Continuing her exploration of the world of archiving, Whitney talks to Photographic Assistant, Caroline Benson about her role.
1. What is your specific role within archiving and what aspects interest you the most?
My role is Photographic Assistant and I deal with all the photographic inquiries and income generation. I licence images for use in books, magazines, TV use, & websites. I also deal with the engineering drawings & these are copied and sent out all over the world for steam enthusiasts working on their engines.
2. How has your role as a Photographic assistant evolved or changed because of the digital era and how have you adapted to that?
When we first started there were no images attached to the catalogue at all. People used to order a black and white print and we used to post them. Some people still want prints but they’re done digitally. We also used to send images on CDs or DVDs if they were going to published or put on websites but this is now often done through file transfer.
4. What changes do you think you will see in the field of archiving or more so specifically collecting and storing photographic images?
We’re into the realms of hoping we can get photographs digitally archived. That hasn’t happened yet but hopefully we will continue collecting in the future and that’s how we’ll receive them.
5. What skills do you need to do your job?
Time management is key, especially now with the digital age where people want things ‘now’. At the moment I’m the only one working with the photographs so I have to juggle what’s coming in and make sure I don’t neglect other projects.
6. Have you come across any photographs that have been memorable for a particular reason?
Every day there is something. They might not be superb photographically. It might just be a small print but it’s showing you something different and there are some wonderful collections.
7. What are you working on this week ?
I’m working on supplying images for a publication. The client has requested some photographs and posters so I’ve found those and they’re going to be copied. We’ll be licensing those images out to them.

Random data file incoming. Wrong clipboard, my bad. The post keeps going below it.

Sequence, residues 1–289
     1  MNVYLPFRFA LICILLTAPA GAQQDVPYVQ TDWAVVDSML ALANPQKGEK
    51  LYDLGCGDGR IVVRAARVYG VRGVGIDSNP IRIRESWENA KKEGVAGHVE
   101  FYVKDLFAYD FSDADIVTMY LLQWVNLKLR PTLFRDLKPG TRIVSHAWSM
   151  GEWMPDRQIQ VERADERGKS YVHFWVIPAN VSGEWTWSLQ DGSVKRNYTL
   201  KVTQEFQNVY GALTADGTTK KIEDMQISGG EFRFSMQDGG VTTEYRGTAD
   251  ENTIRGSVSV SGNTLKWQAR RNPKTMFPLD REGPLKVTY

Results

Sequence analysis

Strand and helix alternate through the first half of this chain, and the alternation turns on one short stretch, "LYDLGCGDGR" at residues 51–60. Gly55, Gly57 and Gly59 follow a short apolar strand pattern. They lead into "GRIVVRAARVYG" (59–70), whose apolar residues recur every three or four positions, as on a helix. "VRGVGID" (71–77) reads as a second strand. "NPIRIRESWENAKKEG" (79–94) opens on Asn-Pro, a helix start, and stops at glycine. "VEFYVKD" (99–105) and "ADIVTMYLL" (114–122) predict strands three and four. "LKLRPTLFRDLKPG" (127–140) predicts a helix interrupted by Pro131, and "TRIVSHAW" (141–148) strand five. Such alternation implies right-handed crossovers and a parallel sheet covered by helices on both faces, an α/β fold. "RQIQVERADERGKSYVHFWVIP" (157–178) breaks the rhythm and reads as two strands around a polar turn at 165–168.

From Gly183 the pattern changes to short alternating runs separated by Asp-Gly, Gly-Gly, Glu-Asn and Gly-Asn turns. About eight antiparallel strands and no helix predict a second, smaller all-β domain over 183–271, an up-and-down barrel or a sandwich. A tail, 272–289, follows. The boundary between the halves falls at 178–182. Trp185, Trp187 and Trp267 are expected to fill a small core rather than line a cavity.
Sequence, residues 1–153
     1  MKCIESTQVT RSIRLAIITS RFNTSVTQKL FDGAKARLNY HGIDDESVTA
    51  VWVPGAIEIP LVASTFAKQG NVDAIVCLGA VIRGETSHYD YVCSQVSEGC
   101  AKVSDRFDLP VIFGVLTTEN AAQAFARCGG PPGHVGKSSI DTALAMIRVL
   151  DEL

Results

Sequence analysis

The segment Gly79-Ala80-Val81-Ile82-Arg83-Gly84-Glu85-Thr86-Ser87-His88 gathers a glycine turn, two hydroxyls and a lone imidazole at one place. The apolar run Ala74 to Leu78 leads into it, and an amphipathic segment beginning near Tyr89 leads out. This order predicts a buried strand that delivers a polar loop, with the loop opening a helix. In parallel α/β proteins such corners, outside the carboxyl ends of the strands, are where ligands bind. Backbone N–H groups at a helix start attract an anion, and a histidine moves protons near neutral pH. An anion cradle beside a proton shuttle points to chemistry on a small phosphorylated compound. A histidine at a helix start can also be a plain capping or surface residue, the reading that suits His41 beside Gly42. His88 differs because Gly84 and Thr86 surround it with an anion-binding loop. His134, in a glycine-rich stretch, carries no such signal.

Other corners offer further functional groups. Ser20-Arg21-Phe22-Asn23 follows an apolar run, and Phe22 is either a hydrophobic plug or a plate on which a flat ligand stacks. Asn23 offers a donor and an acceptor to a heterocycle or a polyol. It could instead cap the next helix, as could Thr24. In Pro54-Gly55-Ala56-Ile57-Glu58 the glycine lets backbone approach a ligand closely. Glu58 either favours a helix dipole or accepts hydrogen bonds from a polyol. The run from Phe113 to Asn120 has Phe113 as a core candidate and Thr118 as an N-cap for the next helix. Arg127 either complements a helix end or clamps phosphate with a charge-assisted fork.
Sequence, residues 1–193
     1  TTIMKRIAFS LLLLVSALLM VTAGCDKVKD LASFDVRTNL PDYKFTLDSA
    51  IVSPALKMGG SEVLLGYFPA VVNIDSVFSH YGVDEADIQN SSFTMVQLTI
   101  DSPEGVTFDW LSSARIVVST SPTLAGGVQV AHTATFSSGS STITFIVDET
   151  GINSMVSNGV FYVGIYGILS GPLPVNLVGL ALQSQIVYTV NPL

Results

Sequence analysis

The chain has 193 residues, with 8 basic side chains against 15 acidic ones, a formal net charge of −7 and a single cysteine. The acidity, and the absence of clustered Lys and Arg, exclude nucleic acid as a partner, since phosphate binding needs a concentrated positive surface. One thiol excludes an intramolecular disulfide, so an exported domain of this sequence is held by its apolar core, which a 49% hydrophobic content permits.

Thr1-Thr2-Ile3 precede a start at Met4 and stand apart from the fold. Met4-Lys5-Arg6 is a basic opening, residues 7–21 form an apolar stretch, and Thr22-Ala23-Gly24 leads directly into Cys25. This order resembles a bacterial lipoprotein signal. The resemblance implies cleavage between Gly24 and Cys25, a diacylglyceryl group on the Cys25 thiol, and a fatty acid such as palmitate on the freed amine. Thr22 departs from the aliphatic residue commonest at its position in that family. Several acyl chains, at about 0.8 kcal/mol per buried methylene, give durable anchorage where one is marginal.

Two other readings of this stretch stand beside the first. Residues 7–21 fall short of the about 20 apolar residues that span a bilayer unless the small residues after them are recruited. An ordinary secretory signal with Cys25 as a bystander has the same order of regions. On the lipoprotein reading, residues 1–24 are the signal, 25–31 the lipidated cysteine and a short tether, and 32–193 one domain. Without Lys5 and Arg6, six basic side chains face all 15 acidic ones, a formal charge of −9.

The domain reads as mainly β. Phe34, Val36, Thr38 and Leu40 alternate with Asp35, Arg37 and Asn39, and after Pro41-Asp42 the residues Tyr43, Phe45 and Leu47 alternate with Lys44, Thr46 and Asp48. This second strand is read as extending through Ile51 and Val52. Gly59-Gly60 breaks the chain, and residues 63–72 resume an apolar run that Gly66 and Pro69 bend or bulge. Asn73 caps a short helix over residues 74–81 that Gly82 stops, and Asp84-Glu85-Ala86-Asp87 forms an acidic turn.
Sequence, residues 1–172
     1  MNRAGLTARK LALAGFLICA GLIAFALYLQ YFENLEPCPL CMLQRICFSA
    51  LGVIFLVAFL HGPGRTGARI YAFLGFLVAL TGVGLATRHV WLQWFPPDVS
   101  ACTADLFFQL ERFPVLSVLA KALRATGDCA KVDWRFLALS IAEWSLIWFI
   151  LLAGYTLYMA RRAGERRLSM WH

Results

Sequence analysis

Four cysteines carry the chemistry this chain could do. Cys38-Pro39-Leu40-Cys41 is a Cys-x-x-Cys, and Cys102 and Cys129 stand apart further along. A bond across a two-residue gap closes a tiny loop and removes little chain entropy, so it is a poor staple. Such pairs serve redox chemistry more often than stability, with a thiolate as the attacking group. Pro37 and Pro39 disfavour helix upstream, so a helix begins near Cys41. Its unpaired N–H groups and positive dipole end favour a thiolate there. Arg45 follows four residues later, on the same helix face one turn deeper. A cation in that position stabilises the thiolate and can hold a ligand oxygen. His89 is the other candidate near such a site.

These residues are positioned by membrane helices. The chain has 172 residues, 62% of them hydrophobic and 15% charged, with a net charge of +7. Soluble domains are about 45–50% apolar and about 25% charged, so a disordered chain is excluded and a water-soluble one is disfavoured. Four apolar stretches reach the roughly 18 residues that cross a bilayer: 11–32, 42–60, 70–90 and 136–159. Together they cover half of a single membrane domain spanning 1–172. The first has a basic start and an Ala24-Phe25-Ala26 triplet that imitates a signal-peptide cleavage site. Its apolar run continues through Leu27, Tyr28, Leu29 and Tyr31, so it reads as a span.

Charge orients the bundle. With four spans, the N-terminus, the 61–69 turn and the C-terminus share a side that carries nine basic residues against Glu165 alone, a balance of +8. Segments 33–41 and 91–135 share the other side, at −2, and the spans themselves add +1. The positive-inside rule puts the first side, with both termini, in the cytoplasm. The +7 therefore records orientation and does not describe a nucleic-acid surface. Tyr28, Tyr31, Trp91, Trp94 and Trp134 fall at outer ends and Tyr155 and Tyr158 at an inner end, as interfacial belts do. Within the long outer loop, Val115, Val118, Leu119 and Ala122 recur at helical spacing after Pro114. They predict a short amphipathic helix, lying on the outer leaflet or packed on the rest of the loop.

8. What is the most rewarding aspect of your job?
I like taking inquiries in. I get asked some obscure questions about collections I haven’t dealt with before. It’s good to talk to them about what they want, refine the search and then suggest possible images to make their ideas work. I do a bit of research and hope the customer likes what I find. It’s really good if the pictures haven’t been used or promoted before and they decide to use them. Then when I see them in a book or on television it’s brilliant.
10. What is the most challenging aspect of your job?
I suppose it’s the pressure of time and getting things done when they need to be as I’ve often got other duties in the reading room. However there are always ways around it.
11. How has your job changed since the museum closed for redevelopment?
I’ve had some extra hours to work on the galleries and that’s been really interesting. There are going to be images in the museum that people haven’t seen before. I also worked on the old galleries, so it’s very interesting watching the process this time. It’s going to be different and I’m very excited about the material they are going to use.
12. How do you preserve images and make sure they are good quality?
I think when digitisation first came onto the scene it was thought if you digitised something that was enough but we now know that’s not the case. You should also conserve the original material. We have glass plates from 1880’s which are perfect. You can get a superb digital image from scanning. The first volunteer project I was involved with was to preserve some glass print negatives. They were put in four flap enclosures and into archival boxes. We couldn’t have done that without the volunteers.
14. Does social media help or hinder you from doing your job?
It is a good thing knowing that our images are out there as we want people to know what we have. However there is a problem that once images are on websites people think they are free to use and they’re not. We try to generate income from the images so that is a concern.
15. Does MERL ever publish books on photographic images?
Yes, Jonathan Brown , John Creasey, Sadie Ward & Roy Brigden, amongst others, were members of staff using the photographs from here in their books.
Find out more about the MERL image library and how to access the photographic collections.